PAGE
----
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Nigeria’s agricultural output likely to decline under AfCFTA – NESG

Agricultural output is projected to decline in Nigeria when the African Continental Free Trade Area (AfCFTA) is operational, owing to a number of factors including predicted decline in investments, lower costs of production in other countries, and the threat of dumping if adequate measures are not put in place.

A policy brief by the Nigerian Economic Summit Group (NESG) titled ‘Effects of the African Continental Free Trade Area Agreement (AfCFTA) on the Nigerian Agricultural Sector’, gave this insight using four different scenarios. It detailed several assumptions relating to the gradual removal of tariffs, introduction of special products, increase in government investment in key sectors and inflow of Foreign Direct Investment (FDI) and labour into strategic sectors.

The document stated that under AfCFTA, one major reason for the decline in agricultural output is largely as a result of the lower level of investments into the sector. This is because imported produce become cheaper and creates a disincentive for investment and local production in the sector.

On the investment aspect, the report states; countries will now have to compete for investments since there is a common tariff and more likely, countries with more favourable investment climate will attract large investments than others. The issues of high cost of doing business occasioned by poor infrastructure, poor power supply and concerns relating to poor standards of local and exportable produce will play a major role in influencing investments and outputs in the agricultural sector. Nigeria has a lot of catch up to do in these areas.

For Nigeria to leverage and maximise the benefits of the AfCFTA in the agricultural sector, the NESG policy brief made the following recommendations:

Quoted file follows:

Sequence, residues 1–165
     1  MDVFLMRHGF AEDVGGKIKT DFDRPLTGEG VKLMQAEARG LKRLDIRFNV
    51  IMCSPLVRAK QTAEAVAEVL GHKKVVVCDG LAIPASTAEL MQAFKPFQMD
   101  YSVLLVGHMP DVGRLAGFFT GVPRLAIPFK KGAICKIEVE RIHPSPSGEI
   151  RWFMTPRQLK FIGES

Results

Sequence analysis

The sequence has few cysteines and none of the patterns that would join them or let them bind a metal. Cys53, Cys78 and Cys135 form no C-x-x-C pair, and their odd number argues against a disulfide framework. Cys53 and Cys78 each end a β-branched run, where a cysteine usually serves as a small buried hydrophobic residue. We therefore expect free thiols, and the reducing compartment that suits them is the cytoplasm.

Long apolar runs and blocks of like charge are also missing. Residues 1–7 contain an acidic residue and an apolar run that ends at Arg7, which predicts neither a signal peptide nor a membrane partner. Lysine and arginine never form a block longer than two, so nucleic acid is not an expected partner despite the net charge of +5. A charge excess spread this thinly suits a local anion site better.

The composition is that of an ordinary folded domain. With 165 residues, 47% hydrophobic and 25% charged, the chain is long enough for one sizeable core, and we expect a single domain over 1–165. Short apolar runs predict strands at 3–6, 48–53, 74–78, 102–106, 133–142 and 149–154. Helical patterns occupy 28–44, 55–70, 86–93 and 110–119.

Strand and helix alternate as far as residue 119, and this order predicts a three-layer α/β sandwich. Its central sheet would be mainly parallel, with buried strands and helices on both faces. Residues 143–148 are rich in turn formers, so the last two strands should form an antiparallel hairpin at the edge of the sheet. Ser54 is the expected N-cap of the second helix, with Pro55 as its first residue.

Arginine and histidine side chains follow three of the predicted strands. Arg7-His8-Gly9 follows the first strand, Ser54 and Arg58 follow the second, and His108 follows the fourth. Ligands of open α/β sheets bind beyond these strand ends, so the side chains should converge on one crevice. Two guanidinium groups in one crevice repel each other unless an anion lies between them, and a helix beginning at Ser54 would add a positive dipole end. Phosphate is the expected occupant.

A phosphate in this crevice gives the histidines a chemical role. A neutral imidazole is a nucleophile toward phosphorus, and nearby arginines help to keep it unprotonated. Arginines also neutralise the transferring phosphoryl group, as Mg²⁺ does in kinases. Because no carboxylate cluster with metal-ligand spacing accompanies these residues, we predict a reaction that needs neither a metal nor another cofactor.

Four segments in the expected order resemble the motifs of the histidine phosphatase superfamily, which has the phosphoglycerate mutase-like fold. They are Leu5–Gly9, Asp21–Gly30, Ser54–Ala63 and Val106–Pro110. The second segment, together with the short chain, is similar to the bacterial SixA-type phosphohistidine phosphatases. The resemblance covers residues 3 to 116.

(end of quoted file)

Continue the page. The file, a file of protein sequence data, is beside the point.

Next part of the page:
• Government needs to identify key agriculture and agro-processing commodities that Nigeria can build competitive advantages over the medium to long term and summon the political commitment to implement business support reforms. There are several agricultural products with great market value and potential, which have remained untapped and explored either as a result of poor market information or limited government support. Several studies have revealed the potential of produce such as tomato, cassava, cocoa, fish products etc, however, the government and stakeholders must collaborate to address specific challenges across these products’ value chain.
  • Proper monitoring and enforcement of standards for agricultural produce by government agencies such as SON, NAFDAC, NAQS among others needs to be prioritised. There are no local standards for produce such as tomatoes, yam, garri etc, which are large consumables in Nigeria. To improve safety of Nigerians, local standards must be established and enforced for both locally made goods and imported products. In addition, to improve market access of Nigerian agricultural produce, regulatory agencies need to step up particularly in areas of process simplification and monitoring & enforcing standards for exportable produce.
  • One major risk for Nigeria when the AfCFTA comes into force is the abuse of rules of origin, a situation where traders or producers disguise that goods are produced within Africa so they can qualify for tariff-free treatment. To address this risk, there is need for strict and enforceable mechanism within the trade agreement. Nigeria must also improve border scrutiny and security to prevent dumping.
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